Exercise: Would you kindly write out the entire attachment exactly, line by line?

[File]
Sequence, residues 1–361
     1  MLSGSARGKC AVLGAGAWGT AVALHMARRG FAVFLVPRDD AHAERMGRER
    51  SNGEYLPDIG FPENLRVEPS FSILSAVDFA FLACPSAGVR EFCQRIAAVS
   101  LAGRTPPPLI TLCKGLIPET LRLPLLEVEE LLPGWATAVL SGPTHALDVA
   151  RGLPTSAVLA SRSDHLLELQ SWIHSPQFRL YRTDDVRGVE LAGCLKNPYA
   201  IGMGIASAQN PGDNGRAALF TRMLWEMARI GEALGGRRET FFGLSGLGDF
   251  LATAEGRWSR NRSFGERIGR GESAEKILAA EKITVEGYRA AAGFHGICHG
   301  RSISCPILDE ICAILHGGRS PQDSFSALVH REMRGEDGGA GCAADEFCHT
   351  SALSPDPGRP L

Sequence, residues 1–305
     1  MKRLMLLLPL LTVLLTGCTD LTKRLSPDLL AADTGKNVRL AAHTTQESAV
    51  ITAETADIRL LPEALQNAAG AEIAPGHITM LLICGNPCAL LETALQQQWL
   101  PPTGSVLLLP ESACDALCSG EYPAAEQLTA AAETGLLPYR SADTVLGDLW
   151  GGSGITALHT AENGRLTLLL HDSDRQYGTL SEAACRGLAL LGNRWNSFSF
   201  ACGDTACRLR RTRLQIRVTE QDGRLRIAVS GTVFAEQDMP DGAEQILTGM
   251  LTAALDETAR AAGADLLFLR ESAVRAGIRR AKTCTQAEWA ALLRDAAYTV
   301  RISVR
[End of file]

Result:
Sequence, residues 1–361
     1  MLSGSARGKC AVLGAGAWGT AVALHMARRG FAVFLVPRDD AHAERMGRER
    51  SNGEYLPDIG FPENLRVEPS FSILSAVDFA FLACPSAGVR EFCQRIAAVS
   101  LAGRTPPPLI TLCKGLIPET LRLPLLEVEE LLPGWATAVL SGPTHALDVA
   151  RGLPTSAVLA SRSDHLLELQ SWIHSPQFRL YRTDDVRGVE LAGCLKNPYA
   201  IGMGIASAQN PGDNGRAALF TRMLWEMARI GEALGGRRET FFGLSGLGDF
   251  LATAEGRWSR NRSFGERIGR GESAEKILAA EKITVEGYRA AAGFHGICHG
   301  RSISCPILDE ICAILHGGRS PQDSFSALVH REMRGEDGGA GCAADEFCHT
   351  SALSPDPGRP L

Sequence, residues 1–305
     1  MKRLMLLLPL LTVLLTGCTD LTKRLSPDLL AADTGKNVRL AAHTTQESAV
    51  ITAETADIRL LPEALQNAAG AEIAPGHITM LLICGNPCAL LETALQQQWL
   101  PPTGSVLLLP ESACDALCSG EYPAAEQLTA AAETGLLPYR SADTVLGDLW
   151  GGSGITALHT AENGRLTLLL HDSDRQYGTL SEAACRGLAL LGNRWNSFSF
   201  ACGDTACRLR RTRLQIRVTE QDGRLRIAVS GTVFAEQDMP DGAEQILTGM
   251  LTAALDETAR AAGADLLFLR ESAVRAGIRR AKTCTQAEWA ALLRDAAYTV
   301  RISVR